The Daughter Chronicles

Saturday, March 15, 2008

The annoyance of DME

That's "Durable Medical Equipment," in case you're wondering. We have quite a lot of it.

Mia has wrecked her wheelchair. Well, not exactly wrecked it, because she can still use it, but done some damage to it, to the point that we need a new one. She ripped the head rest part off a while ago, after it had been weakened from constant abuse. Then, a few weeks ago, she kicked the foot plate so hard it broke off. One of the bolts had come out a while ago, and as it uses weird "special" bolts, you just can't order replacements - and believe me, I've looked. So it was already a bit unsteady, and Mia likes to kick, so one day - pow! It was then that we knew we needed to get her a new one. She's had this one for almost three years, and her PT was thinking we would need to get a new one pretty soon, so this was the opportunity.

The good thing is, of course, that we don't need to go through insurance, thanks to Mia's money. Her PT recommended one that he's used for a few other kids and likes, so we looked for it on-line. I talked to her lawyer and made sure that the court would allow us to spend the money on it. We always have to go through the court for everything, and we have to wait for it to be approved. It's always approved, but we still have to wait for the petition, and the court is usually very slow. It's still quicker than insurance!

While I was looking for the price, I noticed that the web site didn't list the price of the base. The seat is one price, but there are three different bases for it - a four-wheeled base, a three-wheeled one, and one that allows you to use it as an eating chair. But the prices aren't listed until you choose the seat, which is annoying. You might think the seat and base would be one price, because it's a freakin' wheelchair, after all, but they're two separate prices, and of course you need a bunch of accessories. The chair we want is over $3500.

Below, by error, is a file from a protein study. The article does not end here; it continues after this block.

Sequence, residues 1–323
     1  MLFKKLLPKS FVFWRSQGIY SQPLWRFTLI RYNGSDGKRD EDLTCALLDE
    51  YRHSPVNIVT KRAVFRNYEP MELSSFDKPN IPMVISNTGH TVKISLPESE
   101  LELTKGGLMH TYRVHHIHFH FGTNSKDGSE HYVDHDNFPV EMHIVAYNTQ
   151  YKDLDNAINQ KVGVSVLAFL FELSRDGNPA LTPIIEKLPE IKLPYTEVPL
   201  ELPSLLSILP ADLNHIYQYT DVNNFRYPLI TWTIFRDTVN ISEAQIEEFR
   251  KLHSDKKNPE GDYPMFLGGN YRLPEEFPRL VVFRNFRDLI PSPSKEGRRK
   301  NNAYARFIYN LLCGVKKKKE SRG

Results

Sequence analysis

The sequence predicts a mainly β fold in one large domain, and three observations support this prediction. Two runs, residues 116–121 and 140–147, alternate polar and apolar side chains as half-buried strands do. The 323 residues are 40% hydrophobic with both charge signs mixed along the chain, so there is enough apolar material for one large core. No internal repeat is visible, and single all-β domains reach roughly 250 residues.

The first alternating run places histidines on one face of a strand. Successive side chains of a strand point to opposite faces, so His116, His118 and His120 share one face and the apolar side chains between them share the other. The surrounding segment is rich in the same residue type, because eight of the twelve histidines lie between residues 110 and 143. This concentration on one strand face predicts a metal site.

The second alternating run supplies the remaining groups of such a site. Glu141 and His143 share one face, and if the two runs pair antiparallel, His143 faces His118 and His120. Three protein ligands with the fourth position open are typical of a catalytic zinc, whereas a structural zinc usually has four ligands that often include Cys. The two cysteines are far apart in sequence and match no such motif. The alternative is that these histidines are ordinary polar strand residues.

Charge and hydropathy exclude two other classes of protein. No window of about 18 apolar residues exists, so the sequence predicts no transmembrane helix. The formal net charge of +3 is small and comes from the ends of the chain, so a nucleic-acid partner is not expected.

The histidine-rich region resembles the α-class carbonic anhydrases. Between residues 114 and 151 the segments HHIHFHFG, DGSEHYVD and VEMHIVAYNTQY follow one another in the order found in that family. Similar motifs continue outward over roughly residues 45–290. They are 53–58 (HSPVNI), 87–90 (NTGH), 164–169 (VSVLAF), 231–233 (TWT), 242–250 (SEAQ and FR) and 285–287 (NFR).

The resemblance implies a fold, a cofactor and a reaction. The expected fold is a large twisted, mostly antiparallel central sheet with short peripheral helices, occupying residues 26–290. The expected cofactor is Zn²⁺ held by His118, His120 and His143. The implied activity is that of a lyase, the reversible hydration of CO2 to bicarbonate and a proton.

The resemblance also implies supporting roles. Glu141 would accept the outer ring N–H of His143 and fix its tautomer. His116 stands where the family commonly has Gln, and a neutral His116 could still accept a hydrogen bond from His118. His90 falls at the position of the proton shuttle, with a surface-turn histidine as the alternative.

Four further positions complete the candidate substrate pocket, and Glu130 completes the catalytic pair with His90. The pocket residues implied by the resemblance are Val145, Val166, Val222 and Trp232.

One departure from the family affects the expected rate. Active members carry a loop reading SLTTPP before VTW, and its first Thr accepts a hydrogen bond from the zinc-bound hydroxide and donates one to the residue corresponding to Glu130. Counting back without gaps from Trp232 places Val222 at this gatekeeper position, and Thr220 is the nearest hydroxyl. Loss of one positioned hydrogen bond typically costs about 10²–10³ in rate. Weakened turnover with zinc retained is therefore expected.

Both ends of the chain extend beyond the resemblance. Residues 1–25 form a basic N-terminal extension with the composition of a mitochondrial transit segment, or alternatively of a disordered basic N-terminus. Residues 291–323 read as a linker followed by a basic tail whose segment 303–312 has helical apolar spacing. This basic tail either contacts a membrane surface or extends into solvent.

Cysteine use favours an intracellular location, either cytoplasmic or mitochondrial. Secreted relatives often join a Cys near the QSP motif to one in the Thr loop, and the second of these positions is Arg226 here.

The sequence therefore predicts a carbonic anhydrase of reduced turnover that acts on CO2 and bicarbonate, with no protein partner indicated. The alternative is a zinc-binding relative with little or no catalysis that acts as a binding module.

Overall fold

Think about that for a moment. I know we don't have to worry about insurance, but that's still nothing to sneeze at. If we did have to worry about insurance, we'd come up against the fact that many insurance plans have a limit to the amount they're willing to spend on DME. On one of our plans, the limit was $1000. Not a lot falls under the listing, but for this, we would have had to spend $2500 out of pocket for something that she desperately needs. I assume some plans have a higher limit, but it's still frustrating.

I mention this because it's tough for people who are not in Mia's somewhat unusual financial state to get what they need for their children. Most people have private insurance and a state plan, but there's always a possibility that the family will have to pay quite a bit out-of-pocket. Plus, the delays as each insurance plan processes requests is annoying as well. Health insurance is a problem for so many people, and it's sad that for kids with disabilities, it's often worse than for most.

For us, that's not really a problem. But I'm often reminded, when we're getting stuff for Mia, how tough it is for so many others. And how we spend government money on so many other things that are less important. That's a fight for another day, I suppose.


  • I used to work as a customer service rep at Blue Cross back in 1990. I'm betting that if you recall DME limits of $1000, they probably haven't gone up a great deal, except for inflation. If you're talking group insurance (one you get from your employer) then they generally get coverage that will cover most people "reasonably" well. If one has expenses outside of the "norm", you'll get hammered. And I won't even talk about individual insurance, which is just outrageous for everyone.

    By Blogger Roger Green, at 18/3/08 4:00 AM  

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